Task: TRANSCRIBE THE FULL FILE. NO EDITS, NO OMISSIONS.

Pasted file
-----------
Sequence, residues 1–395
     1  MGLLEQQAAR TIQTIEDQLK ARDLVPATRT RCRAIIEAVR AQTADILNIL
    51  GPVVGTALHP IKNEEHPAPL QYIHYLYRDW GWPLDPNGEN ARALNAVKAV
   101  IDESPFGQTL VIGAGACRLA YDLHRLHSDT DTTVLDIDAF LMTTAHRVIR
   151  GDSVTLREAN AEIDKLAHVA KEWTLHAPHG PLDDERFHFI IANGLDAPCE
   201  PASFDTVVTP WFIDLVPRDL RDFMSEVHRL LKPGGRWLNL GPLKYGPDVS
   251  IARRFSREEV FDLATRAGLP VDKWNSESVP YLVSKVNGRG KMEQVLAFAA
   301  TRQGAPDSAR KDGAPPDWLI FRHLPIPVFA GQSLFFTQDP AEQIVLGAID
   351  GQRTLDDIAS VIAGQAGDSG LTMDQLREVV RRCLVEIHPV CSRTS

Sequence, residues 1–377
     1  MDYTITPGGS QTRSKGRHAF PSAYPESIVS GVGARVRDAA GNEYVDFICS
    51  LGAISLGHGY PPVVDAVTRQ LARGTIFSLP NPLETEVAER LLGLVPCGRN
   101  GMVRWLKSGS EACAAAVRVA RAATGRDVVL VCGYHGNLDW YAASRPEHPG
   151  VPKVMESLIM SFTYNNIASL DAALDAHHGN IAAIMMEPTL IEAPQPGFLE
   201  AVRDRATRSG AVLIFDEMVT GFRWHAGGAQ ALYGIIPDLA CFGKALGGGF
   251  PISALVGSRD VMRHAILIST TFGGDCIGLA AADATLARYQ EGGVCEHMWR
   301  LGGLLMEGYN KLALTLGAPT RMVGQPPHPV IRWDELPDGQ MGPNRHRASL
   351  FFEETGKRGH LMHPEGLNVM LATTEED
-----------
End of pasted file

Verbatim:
Sequence, residues 1–395
     1  MGLLEQQAAR TIQTIEDQLK ARDLVPATRT RCRAIIEAVR AQTADILNIL
    51  GPVVGTALHP IKNEEHPAPL QYIHYLYRDW GWPLDPNGEN ARALNAVKAV
   101  IDESPFGQTL VIGAGACRLA YDLHRLHSDT DTTVLDIDAF LMTTAHRVIR
   151  GDSVTLREAN AEIDKLAHVA KEWTLHAPHG PLDDERFHFI IANGLDAPCE
   201  PASFDTVVTP WFIDLVPRDL RDFMSEVHRL LKPGGRWLNL GPLKYGPDVS
   251  IARRFSREEV FDLATRAGLP VDKWNSESVP YLVSKVNGRG KMEQVLAFAA
   301  TRQGAPDSAR KDGAPPDWLI FRHLPIPVFA GQSLFFTQDP AEQIVLGAID
   351  GQRTLDDIAS VIAGQAGDSG LTMDQLREVV RRCLVEIHPV CSRTS

Sequence, residues 1–377
     1  MDYTITPGGS QTRSKGRHAF PSAYPESIVS GVGARVRDAA GNEYVDFICS
    51  LGAISLGHGY PPVVDAVTRQ LARGTIFSLP NPLETEVAER LLGLVPCGRN
   101  GMVRWLKSGS EACAAAVRVA RAATGRDVVL VCGYHGNLDW YAASRPEHPG
   151  VPKVMESLIM SFTYNNIASL DAALDAHHGN IAAIMMEPTL IEAPQPGFLE
   201  AVRDRATRSG AVLIFDEMVT GFRWHAGGAQ ALYGIIPDLA CFGKALGGGF
   251  PISALVGSRD VMRHAILIST TFGGDCIGLA AADATLARYQ EGGVCEHMWR
   301  LGGLLMEGYN KLALTLGAPT RMVGQPPHPV IRWDELPDGQ MGPNRHRASL
   351  FFEETGKRGH LMHPEGLNVM LATTEED